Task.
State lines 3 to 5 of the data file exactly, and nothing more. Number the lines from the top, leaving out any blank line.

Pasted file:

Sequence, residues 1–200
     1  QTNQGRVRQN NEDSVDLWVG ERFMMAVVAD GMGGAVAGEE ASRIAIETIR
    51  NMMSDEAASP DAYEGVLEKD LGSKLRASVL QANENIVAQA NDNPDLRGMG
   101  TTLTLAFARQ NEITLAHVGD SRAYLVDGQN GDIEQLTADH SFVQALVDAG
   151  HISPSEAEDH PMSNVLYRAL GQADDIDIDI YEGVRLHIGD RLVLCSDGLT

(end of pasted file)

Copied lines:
    51  NMMSDEAASP DAYEGVLEKD LGSKLRASVL QANENIVAQA NDNPDLRGMG
   101  TTLTLAFARQ NEITLAHVGD SRAYLVDGQN GDIEQLTADH SFVQALVDAG
   151  HISPSEAEDH PMSNVLYRAL GQADDIDIDI YEGVRLHIGD RLVLCSDGLT